[Beowulf] Repeated Dell SC1435 crash / hang. How to get the vendor to resolve the issue when 20% of the servers fail in first year?
Nifty Tom Mitchell
niftyompi at niftyegg.com
Mon Apr 6 19:08:12 PDT 2009
On Mon, Apr 06, 2009 at 06:18:05PM -0500, Rahul Nabar wrote:
> On Mon, Apr 6, 2009 at 2:37 PM, John Bushnell
> <john.bushnell at icb.ucsb.edu> wrote:
> > I never call support until after I have diagnosed a problem myself as much
> > as possible. One of the advantages of buying a batch of nodes at once is
> > that you can easily swap components between nodes to isolate the real
> > problem. You will find Dell support easier to deal with (or any other
> > vendor for that matter) if you can concisely tell them all of the steps that
> > you took to determine that component X needs replacement. Yes, I have had a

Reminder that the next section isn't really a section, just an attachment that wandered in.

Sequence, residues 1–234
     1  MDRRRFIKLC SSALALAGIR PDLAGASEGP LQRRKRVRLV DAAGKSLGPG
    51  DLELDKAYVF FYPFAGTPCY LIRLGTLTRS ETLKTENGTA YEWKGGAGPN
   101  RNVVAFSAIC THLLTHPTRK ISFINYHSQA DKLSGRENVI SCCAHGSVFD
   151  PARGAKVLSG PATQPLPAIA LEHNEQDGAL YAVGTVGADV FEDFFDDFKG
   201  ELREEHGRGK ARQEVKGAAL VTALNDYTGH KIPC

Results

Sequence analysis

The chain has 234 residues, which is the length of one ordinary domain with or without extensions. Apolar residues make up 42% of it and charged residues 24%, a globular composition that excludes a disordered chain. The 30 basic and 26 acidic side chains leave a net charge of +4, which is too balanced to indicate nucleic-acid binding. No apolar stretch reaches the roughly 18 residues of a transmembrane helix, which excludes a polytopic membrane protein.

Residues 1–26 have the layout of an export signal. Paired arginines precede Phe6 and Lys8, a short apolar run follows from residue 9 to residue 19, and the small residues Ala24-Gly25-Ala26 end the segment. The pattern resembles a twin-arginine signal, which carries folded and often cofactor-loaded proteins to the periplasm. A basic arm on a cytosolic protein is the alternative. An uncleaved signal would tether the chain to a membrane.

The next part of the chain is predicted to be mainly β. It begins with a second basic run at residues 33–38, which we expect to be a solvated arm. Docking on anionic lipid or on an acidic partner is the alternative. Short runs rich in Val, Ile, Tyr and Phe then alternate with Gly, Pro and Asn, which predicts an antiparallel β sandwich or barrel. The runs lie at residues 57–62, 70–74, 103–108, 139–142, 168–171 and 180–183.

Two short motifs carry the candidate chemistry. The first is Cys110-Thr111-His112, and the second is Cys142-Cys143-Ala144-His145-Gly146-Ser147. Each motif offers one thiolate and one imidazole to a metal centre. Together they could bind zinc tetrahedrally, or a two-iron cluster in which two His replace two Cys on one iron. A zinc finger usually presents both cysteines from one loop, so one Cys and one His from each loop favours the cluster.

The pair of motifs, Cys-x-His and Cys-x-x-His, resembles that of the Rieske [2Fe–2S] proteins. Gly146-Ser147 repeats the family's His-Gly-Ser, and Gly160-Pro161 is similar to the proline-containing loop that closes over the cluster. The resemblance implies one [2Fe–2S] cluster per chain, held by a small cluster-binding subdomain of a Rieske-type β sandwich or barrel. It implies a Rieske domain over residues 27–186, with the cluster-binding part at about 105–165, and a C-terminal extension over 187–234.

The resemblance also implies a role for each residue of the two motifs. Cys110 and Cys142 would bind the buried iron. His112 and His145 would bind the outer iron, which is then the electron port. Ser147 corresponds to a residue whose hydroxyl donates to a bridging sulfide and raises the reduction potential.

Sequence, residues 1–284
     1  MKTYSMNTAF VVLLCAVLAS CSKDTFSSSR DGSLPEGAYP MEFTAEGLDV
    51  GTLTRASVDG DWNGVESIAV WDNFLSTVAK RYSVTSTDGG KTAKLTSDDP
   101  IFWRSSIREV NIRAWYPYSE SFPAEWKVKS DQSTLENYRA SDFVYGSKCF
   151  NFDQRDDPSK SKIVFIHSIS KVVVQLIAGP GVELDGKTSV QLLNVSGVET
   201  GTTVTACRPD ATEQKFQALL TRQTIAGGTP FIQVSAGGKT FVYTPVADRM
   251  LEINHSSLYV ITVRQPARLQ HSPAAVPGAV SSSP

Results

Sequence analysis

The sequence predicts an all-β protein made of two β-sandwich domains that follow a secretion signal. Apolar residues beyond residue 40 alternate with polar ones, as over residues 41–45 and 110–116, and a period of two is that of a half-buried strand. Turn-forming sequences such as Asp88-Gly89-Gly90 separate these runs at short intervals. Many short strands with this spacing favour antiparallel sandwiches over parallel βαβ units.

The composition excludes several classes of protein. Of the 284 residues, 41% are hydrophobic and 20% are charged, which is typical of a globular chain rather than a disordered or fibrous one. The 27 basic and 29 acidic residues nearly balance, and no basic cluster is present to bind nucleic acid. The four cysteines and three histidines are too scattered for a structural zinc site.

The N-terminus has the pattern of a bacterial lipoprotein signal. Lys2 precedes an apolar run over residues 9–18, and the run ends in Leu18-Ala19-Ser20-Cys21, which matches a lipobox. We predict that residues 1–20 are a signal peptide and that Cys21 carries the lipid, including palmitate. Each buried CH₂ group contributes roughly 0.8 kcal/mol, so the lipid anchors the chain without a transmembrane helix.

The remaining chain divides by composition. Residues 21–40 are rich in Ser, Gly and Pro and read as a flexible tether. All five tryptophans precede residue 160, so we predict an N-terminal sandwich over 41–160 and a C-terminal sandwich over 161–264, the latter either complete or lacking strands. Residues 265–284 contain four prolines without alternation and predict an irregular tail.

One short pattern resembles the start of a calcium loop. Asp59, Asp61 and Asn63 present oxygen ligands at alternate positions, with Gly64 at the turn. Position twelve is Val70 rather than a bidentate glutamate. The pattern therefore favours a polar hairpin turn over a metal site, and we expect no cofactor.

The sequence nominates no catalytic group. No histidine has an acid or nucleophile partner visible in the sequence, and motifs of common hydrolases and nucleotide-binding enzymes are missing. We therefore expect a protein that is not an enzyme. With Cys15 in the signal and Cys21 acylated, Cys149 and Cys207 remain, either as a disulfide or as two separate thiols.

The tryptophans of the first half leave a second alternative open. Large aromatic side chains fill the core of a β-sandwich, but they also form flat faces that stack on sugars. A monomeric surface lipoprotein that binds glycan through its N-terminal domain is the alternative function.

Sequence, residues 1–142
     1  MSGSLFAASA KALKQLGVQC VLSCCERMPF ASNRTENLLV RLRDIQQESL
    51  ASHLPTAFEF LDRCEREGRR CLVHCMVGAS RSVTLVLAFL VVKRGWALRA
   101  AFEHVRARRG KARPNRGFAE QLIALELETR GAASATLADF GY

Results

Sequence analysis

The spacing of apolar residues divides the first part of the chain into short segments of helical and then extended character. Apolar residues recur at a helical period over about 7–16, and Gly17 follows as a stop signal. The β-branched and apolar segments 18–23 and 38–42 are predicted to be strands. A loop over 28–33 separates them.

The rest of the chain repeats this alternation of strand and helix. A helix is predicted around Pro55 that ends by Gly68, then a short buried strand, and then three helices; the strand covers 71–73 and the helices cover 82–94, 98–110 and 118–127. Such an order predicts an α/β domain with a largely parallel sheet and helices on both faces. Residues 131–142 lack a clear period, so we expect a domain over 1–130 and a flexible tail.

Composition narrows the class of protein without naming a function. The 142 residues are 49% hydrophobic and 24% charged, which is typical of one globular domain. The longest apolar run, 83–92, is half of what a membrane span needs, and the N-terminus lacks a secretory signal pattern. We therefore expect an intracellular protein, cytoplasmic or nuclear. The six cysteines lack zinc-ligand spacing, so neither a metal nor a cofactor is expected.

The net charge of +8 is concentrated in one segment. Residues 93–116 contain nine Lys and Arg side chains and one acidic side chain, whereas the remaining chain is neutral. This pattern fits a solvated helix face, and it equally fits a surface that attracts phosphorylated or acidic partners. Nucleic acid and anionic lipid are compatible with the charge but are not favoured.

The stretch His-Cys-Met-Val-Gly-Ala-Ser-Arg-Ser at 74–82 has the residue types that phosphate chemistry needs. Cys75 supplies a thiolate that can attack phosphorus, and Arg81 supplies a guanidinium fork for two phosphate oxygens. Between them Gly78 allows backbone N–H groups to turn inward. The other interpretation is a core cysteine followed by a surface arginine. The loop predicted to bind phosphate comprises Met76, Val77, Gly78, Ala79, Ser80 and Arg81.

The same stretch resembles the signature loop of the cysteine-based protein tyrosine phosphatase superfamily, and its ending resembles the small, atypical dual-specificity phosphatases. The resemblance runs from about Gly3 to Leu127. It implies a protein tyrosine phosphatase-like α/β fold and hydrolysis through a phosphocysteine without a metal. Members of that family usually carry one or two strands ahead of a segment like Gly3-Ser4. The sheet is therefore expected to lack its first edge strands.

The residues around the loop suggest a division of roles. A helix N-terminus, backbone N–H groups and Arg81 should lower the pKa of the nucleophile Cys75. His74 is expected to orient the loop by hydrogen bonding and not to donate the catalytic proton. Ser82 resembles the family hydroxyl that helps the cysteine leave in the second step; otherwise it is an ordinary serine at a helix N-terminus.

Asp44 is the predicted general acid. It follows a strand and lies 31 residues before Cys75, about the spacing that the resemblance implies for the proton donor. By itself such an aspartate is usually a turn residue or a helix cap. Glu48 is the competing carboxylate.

> > bad vendor give me the run around, but the better information that you can
> > put into an initial service call, the better service you will tend to
> > receive. If you just say "my node stopped working", they will assume that
> > you don't know what you're doing.
> What puzzles me is this:
> Someone had to write the code that produces the error that my
> baseboard controller logs:
> "Critical error; Voltage sensor (VCORE) critical error. State asserted
> CPU2" etc.
> In all my naivete I'd expect it to be a branch responding to some
> error condition. Why is it being so hard for the vendor to at least
> single out which chip or component that error was designed to flag?
> One could argue "many conditions can result in this specific error"
> but then again what's the point behind a trap so generic.
> I wish I could pore over the source myself just for kicks. Or if
> somehow I could get access to the guy who coded the firmware on that
There is something important here. The BMC is reporting a hardware
error. This is not a Linux/RHEL/SciLinux/Fedora/anything code path.
Pure and simple Dell hardware.
T o m M i t c h e l l
Found me a new hat, now what?
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